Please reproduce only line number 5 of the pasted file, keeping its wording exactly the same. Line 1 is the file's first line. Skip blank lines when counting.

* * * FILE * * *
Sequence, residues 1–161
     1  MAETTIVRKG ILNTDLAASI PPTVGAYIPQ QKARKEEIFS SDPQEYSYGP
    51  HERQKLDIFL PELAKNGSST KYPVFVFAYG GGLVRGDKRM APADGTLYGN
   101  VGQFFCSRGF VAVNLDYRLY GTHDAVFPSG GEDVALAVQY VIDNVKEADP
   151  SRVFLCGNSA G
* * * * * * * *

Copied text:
   151  SRVFLCGNSA G